• Louise Toal

Garda weekdays and GAA commentator weekends

Updated: 2 days ago

Frontline worker Aoife Donnelly and now GAA Sports Commentator for Ballinrobe, Co. Mayo shares her journey in broadcasting online during Covid to the community for both home and abroad.

Credit: Aoife Donnelly

Her sports commentating role began over a phone call, “I got a phone call from one of the pillars of Ballinrobe GAA, Liam Horan who was looking for commentators. He pointed out that it would be a collective effort and that I would be covering both the men’s and women’s matches”.

She modestly says, “I thought I was being asked on who would be good for the role. I didn’t think I would be asked. I said yes, let’s give it a go”.

Aoife goes on to say she started out at one of the junior matches to see how the commenting worked and before she knew it, it was half time, and a mic was put in front of her and she started talking.

“It’s such a great idea. More clubs should look into it, because it’s so easy to do. I’m delighted I got involved. It’s been a real honor to be thought of and to be respected”.

She says whilst broadcasting on Facebook Live, “There’s such a buzz about it, it’s nearly as good as being on the sidelines or pitch itself. So, thrilling! You’re trying not to get caught up in the match but at the same time let everyone know at home what’s happening”.

She mentions, “There’s been huge praise for the commentating for the club with parents contacting the club saying their children have listened back to the matches on the clubs Facebook page and were delighted to hear their names being mentioned. You start to get to know everyone and it really is what makes a club a club”.

Credit: Aoife Donnelly

When asked if she would be interested in commentating for an All-Ireland Final, she politely says, “I’d love to hear and see a female for an All-Ireland Final. I would 100% commentate. Any game is a privilege to do. If there’s an All-Ireland going sign me up!”

She adds, “It would be great to see more women involved. Women should consider commentating in their club, you don’t have to win an All-Ireland to be able to commentate. Commentating is knowing the basics and adding the excitement. If anyone is thinking about doing it, do it! You won’t regret it. If anything, it’s a bit of craic”,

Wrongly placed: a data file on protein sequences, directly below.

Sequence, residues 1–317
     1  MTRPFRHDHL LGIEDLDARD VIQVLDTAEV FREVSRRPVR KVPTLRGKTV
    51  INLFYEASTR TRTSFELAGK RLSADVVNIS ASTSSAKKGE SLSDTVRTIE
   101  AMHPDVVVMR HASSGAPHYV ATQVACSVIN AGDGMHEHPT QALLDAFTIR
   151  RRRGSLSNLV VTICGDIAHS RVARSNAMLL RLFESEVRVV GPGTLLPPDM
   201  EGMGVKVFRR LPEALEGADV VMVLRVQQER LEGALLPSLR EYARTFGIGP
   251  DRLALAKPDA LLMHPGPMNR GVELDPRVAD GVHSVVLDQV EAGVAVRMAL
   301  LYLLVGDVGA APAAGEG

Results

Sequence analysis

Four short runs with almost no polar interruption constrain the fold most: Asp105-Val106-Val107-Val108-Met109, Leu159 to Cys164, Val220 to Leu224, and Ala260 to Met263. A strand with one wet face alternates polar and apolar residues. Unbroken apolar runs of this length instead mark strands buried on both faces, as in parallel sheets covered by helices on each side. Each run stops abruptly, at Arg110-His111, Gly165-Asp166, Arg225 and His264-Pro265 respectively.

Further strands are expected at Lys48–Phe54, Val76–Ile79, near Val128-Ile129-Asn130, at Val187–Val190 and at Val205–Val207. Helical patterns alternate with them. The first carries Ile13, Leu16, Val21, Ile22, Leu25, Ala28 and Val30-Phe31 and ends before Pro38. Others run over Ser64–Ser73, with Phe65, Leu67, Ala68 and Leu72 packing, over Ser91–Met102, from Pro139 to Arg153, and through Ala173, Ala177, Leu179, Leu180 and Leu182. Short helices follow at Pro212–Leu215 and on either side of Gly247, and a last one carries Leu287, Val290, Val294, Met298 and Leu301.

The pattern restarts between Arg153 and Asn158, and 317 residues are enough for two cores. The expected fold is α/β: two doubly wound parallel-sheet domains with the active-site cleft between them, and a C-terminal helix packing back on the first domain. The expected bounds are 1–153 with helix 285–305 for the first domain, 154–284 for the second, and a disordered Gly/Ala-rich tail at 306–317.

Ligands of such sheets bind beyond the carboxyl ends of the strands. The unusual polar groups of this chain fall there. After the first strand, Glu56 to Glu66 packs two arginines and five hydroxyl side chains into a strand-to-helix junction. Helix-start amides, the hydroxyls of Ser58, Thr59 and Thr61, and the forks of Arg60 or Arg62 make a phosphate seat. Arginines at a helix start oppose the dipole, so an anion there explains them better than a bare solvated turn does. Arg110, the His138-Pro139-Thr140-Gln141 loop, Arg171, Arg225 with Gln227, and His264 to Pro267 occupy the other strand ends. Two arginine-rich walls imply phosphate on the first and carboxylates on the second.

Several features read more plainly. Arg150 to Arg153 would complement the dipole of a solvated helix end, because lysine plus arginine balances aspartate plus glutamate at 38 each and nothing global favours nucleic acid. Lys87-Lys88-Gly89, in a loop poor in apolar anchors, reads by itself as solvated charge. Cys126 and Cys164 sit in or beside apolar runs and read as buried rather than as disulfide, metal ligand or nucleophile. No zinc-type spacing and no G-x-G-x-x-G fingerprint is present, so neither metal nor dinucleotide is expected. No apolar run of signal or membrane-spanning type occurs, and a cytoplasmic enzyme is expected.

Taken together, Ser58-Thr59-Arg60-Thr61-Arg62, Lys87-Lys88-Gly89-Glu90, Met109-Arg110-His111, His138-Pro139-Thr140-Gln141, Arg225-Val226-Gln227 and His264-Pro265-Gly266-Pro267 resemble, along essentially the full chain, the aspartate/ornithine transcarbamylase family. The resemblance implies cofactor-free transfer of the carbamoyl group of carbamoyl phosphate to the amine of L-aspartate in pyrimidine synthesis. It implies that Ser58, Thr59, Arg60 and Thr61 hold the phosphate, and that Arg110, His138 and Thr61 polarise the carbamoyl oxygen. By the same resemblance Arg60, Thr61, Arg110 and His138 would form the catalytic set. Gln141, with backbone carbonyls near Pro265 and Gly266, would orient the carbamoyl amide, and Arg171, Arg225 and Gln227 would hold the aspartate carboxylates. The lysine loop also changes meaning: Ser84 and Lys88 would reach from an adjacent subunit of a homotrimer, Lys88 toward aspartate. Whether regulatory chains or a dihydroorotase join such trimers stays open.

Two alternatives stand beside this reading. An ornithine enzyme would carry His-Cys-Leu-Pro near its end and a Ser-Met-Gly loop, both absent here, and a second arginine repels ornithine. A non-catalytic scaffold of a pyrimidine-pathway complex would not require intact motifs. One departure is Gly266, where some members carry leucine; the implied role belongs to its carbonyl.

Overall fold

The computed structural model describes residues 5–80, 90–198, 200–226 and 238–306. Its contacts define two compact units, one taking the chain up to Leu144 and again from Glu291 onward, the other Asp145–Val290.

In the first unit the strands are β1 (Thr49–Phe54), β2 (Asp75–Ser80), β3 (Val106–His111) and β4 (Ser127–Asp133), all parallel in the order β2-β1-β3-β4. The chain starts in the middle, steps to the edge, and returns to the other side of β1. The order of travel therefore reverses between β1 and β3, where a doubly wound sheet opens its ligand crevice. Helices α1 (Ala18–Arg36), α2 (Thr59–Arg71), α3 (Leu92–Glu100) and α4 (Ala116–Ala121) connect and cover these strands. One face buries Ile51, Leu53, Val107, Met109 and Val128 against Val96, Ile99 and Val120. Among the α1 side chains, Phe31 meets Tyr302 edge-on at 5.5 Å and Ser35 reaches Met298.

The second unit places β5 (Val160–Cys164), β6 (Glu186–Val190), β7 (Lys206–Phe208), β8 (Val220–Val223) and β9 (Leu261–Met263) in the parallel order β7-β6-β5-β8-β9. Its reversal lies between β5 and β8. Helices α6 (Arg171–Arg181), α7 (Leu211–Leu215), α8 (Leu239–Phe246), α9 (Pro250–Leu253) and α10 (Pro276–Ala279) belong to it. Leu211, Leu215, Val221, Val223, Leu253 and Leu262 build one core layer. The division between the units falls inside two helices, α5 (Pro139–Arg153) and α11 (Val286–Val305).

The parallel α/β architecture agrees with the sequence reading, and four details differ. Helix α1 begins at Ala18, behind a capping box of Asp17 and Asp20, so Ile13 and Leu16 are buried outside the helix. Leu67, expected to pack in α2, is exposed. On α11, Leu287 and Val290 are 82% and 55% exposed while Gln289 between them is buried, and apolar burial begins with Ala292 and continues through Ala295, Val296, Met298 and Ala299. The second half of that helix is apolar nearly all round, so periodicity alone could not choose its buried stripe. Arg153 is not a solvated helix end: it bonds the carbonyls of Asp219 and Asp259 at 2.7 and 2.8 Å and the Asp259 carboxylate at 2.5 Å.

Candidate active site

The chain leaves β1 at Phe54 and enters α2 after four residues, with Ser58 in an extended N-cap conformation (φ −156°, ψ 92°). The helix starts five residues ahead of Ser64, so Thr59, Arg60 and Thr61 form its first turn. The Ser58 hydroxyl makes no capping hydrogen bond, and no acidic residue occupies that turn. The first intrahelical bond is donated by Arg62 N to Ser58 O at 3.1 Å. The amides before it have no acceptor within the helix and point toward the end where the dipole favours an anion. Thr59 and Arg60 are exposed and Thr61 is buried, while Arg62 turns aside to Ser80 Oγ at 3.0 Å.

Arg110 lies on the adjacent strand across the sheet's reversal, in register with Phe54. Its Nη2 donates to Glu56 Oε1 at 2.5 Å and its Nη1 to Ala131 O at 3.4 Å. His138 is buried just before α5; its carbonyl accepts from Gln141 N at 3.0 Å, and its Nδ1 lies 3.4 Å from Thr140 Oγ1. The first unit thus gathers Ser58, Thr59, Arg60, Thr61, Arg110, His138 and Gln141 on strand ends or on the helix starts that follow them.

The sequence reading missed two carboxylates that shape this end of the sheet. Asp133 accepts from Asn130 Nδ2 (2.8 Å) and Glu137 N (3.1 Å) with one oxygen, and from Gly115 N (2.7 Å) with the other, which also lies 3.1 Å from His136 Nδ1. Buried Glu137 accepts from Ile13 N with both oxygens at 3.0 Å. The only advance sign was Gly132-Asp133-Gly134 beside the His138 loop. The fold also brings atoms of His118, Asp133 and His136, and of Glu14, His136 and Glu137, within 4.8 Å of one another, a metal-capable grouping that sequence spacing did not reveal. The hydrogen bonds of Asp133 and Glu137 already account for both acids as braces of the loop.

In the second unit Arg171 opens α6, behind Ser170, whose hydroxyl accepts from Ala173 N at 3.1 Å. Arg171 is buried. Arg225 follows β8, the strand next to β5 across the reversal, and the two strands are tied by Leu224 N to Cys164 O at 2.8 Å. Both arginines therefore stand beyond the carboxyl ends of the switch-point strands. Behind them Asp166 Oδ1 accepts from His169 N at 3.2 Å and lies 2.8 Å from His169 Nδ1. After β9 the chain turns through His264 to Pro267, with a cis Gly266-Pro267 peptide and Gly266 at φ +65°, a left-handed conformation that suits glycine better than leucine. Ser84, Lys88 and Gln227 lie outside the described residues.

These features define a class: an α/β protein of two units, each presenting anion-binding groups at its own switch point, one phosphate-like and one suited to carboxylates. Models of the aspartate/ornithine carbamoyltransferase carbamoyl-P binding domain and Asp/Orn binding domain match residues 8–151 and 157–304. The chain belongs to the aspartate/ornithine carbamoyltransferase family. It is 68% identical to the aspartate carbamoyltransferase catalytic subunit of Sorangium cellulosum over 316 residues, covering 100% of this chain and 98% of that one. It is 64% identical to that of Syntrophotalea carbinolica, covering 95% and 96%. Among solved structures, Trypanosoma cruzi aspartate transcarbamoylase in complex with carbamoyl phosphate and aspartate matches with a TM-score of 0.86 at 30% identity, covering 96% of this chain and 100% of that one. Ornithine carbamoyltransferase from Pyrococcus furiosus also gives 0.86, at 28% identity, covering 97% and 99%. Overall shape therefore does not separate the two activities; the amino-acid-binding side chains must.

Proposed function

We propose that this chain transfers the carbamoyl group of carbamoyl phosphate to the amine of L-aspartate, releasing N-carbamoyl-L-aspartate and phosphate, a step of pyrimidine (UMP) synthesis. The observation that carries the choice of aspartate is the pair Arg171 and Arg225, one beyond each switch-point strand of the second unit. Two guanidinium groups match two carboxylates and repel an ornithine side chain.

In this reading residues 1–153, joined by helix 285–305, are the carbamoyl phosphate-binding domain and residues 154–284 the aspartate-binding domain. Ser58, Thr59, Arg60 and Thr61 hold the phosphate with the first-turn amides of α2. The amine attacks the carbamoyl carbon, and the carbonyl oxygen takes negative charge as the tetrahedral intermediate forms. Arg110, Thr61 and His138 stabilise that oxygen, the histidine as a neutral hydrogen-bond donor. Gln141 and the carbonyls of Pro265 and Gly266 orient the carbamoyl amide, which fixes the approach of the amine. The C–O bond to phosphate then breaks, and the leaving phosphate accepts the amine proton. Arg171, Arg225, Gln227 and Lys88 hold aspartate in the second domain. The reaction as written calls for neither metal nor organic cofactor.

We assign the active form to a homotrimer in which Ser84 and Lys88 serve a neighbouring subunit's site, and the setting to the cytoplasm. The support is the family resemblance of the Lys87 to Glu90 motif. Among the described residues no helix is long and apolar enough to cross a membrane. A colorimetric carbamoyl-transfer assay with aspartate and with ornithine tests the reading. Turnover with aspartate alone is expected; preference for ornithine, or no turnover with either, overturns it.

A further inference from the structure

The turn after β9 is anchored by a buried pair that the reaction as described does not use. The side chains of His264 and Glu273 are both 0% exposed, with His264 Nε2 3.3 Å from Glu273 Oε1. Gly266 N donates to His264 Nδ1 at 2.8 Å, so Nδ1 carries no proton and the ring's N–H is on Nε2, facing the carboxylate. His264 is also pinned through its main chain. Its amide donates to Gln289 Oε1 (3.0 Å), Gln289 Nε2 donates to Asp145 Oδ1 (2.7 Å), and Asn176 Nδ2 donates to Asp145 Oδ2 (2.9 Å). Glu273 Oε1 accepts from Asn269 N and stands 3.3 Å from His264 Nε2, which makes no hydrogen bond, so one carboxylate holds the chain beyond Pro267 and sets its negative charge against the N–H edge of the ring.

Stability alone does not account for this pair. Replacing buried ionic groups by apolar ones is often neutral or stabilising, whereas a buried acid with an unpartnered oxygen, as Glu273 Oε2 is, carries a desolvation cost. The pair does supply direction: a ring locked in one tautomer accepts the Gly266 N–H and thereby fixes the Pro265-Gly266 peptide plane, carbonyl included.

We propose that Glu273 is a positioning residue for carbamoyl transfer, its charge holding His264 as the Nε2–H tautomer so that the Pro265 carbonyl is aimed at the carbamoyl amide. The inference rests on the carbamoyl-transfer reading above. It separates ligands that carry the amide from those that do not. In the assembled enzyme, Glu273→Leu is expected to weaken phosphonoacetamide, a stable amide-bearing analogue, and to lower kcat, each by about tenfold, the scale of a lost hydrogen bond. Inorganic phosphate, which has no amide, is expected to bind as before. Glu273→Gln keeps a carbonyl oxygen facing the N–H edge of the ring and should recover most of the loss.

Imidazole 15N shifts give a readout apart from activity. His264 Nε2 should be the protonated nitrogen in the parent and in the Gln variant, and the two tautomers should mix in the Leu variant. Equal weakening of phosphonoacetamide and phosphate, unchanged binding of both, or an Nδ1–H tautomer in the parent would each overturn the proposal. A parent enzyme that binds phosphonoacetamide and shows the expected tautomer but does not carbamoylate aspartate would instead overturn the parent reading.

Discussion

She reminisces a time where she commentated at an U14 A Final, “I honestly thought we’d just been through an All-Ireland Final in Claremorris, Co. Mayo. Some of the lads on one of the teams, I would have babysat”, she says jokingly.

“We’re lucky we’ve got our foot in most of the matches with the semi and county finals. We’re lucky to have seen those days and I was lucky to bring those matches to people’s homes. I couldn’t believe the Facebook stats of people engaging and listening in”, she says.

When asked if she had a ritual before going live Aoife replied, “Having the GAA President of South Mayo, Padraic Costello by my side as my co-commentator. The calmest man in Co. Mayo. He’s been there since day one. We went to cover a match in Westport. My brother was in goals on the day and we were on the sidelines. I told him I was absolutely bricking it”.

She adds, “The club has been nothing but supportive to me and very encouraging. I’ve never one-bit doubted myself because they were always there to give me a hand or push me into the deep end when I needed it”.

With Covid playing havoc on sporting events Aoife says, “It’s been a strange time to get involved but there has been much praise. I didn’t realize the amount of people who listen into the games, who weren't able to attend because of the regulations or people from Ballinrobe now live abroad”.

She says, “It’s a tough time for people, the club is the social scene, but we’ll have brighter days ahead. I look forward to the day we’re back in action”.

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